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November 22nd, 2008

Swebank: Baltic Outlook: the economy freezing up

Baltic Outlook: the economy freezing up - nu jau prognoze par atkopšanos pārceļas uz 2010...

Estonian economy in recession for 2008—2009, hopes for 2010. Misbalances — CAD, inflation, debt burden — retreat. Hopes for euro if budget deficit will not increase too much. Latvian economy is in a deep recession, unemployment will rise. External imbalances and inflation are shrinking rapidly. Exports expected to be the best performing part of the economy throughout the cycle. Lithuania’s economic growth will stall during 2009—2010. Drivers of domestic demand are already exhausted. Inflation remains on high level, but on downturn. These prognoses are made in the newest Baltic Outlook, prepared by Hansabank Markets.

The global economy is heading towards a recession. However, it is not yet clear how deep it will be and how long it will last, as it is not clear whether the coordinated action of global economic powers will have a lasting effect on markets or not. In addition, we do not know what the consequences of the recent troubles are. Hence it is quite difficult to formulate a forecast now for every country. It might easily happen that current expectations prove to be too optimistic, and that global economic developments may turn out to be worse than currently expected, write the authors of the Baltic Outlook.

Revisions have been made of forecast for the Baltic economies, taking into account the changes in the global economy and in the Baltic countries themselves (data revisions, policy changes etc). The Baltic economies were heading towards recession without the recent troubles in the global financial market, and the worsened economic situation and outlook in the financial world have made our forecast significantly gloomier, as all three countries are subject to global economic developments. It would be very difficult to show improving growth rates in the Baltic economies at a time where the global economy and particularly their main trading partners are in a recession; however, whether recovery will come at the same time as in partner countries and how strong it will be depends on the local economies.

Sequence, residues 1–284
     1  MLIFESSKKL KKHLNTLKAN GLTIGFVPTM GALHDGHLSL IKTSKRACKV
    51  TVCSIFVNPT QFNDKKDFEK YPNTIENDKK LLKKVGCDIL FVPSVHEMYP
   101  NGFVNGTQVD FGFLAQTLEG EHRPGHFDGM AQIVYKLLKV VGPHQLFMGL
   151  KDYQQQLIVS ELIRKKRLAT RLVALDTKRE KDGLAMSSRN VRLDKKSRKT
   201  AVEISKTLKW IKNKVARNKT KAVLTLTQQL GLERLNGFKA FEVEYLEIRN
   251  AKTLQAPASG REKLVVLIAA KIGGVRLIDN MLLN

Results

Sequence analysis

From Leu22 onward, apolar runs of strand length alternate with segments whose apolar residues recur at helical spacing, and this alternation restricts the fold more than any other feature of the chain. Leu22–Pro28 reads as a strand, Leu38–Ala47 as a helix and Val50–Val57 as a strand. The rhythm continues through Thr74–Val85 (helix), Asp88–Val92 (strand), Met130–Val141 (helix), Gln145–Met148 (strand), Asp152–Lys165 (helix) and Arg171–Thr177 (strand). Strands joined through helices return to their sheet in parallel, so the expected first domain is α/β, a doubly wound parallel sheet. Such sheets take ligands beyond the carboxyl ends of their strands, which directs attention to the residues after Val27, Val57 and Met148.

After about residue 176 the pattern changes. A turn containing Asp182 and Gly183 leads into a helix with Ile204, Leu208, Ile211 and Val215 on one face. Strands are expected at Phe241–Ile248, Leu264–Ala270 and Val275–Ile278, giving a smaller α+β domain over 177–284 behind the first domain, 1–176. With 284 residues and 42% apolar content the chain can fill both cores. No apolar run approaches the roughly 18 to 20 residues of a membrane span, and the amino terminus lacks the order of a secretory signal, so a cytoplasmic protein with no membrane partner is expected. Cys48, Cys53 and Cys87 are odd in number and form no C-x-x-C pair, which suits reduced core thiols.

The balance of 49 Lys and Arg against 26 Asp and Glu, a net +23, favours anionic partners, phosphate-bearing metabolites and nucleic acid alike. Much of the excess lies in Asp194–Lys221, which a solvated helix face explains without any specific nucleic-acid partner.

The authors of the Baltic Outlook have cut growth expectations for the Baltic countries and expect negative GDP growth in Estonia and Latvia in 2008 (the countries have already entered formal recession as they had two consecutive quarters of negative quarterly growth), while Lithuania will still note positive annual growth figures in 2009 (though well below previous expectations). The year 2009 is expected to be the most difficult for all three countries: the experts forecast a fall of around 2 % in Estonia, 4 % in Latvia and only minor growth in Lithuania. 2010 should bring slow recovery in Estonia and Latvia, with 2 % and 1 % growth respectively, but the Lithuanian economy is about to suffer from the closure of the Ignalina nuclear power station and followed that sharp increase in electricity prices.

The economic situation in Latvia
Latvia has started official talks with the European Commission and the IMF about funding to stabilise the economy, according to the Latvian Prime Minister Ivars Godmanis.

“The main reason for the need of help from the EU and the IMF is the recession and financial crisis aggravating public finances”, says Cecilia Hermansson, Chief Economist at Swedbank. The loss in revenues due to the weaker demand, as well as the increased spending due to the takeover of Parex Bank, the second largest bank in the country, may cause the budget deficit to increase.

Latvia’s economy shrank 4.2 % in the third quarter, according to preliminary figures. The large current account gap is decreasing as a result of weaker domestic demand, and stood at about 12 % of GDP in the third quarter.

“We expect that Latvia’s economy will continue to shrink during next year, and possibly also in 2010, — says Dainis Stikuts, Senior Economist at Swedbank in Riga, and co-writer of the Baltic Outlook. — At the same time internal and external imbalances will gradually improve. In the meantime, the economy needs support to maintain stability.”

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